For years, Joe Orlando was the public face of top-tier card grading company PSA. Orlando had served as the head of PSA since 1999 until his resignation in July of last year. At the time, I wrote that Orlando would be the industry’s hottest free agent. He almost certainly had many offers and likely had his pick of landing spots. In July I speculated that Orlando could have gone to a rival grading company or an auctioneer, and I have no doubts that he received opportunities to go to such places.
But last week, Orlando was announced as the President of Sports at Collectable. I’ve written about Collectable in the past, and had an interview with its CEO Ezra Levine last year. The company offers collectors the ability to purchase fractional ownership in sports cards, comic books, historical documents, and the like. While I had previously been critical of fractional investing because of the difficulty in monetizing your investment, Collectable offers an interesting twist on it: the ability for shareholders to vote to sell the piece to a single collector.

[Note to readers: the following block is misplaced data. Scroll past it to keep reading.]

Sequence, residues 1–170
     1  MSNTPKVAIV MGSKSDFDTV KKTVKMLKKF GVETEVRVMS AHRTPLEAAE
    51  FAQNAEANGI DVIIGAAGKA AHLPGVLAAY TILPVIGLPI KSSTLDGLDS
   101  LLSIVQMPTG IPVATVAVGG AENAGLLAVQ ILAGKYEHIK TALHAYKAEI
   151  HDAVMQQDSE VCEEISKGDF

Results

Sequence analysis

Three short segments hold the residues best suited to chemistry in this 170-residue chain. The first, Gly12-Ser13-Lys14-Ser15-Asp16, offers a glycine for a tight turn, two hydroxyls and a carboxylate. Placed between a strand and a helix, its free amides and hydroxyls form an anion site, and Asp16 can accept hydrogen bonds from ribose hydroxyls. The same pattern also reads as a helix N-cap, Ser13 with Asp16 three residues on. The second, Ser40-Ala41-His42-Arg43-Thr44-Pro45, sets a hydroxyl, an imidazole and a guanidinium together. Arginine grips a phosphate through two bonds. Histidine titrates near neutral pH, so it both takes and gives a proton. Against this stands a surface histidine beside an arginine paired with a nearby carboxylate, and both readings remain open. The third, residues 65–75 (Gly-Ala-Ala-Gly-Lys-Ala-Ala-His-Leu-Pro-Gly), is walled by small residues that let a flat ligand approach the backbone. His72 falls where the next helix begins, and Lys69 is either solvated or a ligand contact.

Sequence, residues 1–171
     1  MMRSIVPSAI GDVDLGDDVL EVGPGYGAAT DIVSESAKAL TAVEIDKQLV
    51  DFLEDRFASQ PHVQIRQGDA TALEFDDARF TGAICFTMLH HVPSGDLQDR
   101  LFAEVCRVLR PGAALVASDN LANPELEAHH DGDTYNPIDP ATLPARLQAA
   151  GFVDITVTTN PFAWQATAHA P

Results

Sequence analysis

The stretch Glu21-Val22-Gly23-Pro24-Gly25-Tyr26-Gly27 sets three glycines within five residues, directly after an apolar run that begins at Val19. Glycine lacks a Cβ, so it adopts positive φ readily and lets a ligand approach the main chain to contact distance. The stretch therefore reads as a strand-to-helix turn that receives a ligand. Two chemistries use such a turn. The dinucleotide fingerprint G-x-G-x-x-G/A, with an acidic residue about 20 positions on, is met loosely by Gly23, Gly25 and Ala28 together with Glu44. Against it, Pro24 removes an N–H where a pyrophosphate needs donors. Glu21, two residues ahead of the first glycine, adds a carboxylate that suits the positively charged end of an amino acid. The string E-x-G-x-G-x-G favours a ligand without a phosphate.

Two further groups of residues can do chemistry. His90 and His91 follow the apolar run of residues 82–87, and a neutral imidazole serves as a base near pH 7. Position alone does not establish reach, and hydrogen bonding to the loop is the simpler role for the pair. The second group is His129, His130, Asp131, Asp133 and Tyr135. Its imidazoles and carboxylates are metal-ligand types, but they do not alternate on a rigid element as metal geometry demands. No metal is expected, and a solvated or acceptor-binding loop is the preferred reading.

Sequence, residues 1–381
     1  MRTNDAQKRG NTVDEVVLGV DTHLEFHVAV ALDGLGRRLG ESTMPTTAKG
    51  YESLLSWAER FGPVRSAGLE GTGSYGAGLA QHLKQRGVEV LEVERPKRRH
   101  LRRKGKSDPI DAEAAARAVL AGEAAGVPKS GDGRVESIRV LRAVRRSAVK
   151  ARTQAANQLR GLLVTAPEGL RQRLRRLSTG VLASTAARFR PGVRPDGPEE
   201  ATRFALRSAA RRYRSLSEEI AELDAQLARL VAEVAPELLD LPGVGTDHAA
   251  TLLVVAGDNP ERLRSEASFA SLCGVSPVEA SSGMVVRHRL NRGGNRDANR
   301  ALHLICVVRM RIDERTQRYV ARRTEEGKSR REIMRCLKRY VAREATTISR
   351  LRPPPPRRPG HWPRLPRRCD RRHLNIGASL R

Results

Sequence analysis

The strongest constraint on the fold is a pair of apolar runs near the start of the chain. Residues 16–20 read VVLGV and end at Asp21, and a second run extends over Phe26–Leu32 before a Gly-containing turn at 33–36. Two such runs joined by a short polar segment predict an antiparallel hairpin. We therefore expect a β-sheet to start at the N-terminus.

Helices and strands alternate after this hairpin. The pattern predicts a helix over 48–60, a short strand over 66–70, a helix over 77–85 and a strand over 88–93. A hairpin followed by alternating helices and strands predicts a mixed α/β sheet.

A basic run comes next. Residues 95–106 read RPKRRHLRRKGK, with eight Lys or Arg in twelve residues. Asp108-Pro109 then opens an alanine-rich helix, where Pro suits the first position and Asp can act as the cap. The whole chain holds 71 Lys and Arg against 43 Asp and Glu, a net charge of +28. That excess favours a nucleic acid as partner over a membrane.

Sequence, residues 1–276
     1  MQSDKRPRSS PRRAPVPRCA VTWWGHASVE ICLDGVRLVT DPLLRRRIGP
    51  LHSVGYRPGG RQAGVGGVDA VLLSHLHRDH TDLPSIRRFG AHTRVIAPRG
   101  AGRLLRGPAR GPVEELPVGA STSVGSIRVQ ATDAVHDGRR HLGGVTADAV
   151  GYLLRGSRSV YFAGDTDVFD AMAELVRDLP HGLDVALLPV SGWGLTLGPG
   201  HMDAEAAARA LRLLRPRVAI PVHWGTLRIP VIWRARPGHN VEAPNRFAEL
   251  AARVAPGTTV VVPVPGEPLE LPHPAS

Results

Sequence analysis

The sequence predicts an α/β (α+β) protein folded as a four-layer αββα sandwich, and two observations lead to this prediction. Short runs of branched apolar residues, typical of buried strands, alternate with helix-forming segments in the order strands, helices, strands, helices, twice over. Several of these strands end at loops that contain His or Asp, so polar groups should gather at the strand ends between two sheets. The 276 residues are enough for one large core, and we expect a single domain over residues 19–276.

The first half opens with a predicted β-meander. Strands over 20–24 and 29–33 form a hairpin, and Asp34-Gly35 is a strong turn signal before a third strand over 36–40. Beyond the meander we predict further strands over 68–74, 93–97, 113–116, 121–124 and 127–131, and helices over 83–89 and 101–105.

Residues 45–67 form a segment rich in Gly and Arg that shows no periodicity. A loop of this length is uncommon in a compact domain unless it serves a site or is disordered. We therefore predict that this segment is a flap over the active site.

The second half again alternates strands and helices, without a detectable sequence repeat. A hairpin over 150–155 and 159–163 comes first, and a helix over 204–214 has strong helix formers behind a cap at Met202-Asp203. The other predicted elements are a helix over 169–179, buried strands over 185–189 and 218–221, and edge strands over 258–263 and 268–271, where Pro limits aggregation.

That Orlando went to Collectable — an upstart company involved in non-traditional asset investment — is extremely telling of the way the winds are shifting in the hobby. Sports cards were primarily a hobby for most of its existence, but over the past few years, the industry has shifted to a more investment-based focus. Orlando said as much in his statement about moving to Collectable:
“The collecting culture is evolving. At its core, the drive to collect and the interest in the collectibles themselves is still the same. The sentimental, emotional and nostalgic component of our endeavor is something that makes it different from so many other activities that involve a serious financial investment. That said, the way some people collect is changing.
When I first heard of the fractional platform concept, my inner, traditional collector wanted to scoff at the idea… and then something happened. What began as skepticism soon turned into intrigue. Instead of reacting emotionally to how foreign the concept felt, I started to think about the positive impact it could have. As time went on and I had a chance to think about it more and more, it became abundantly clear to me. The fractional concept wasn’t going away. It is going to be part of the next hobby metamorphosis.”
That one of the hobby’s biggest players moved from a traditional “old guard” company to a new and evolving area is extremely telling. The hobby is changing, interests are shifting, and more innovation is on the way. I’m excited to see what comes next.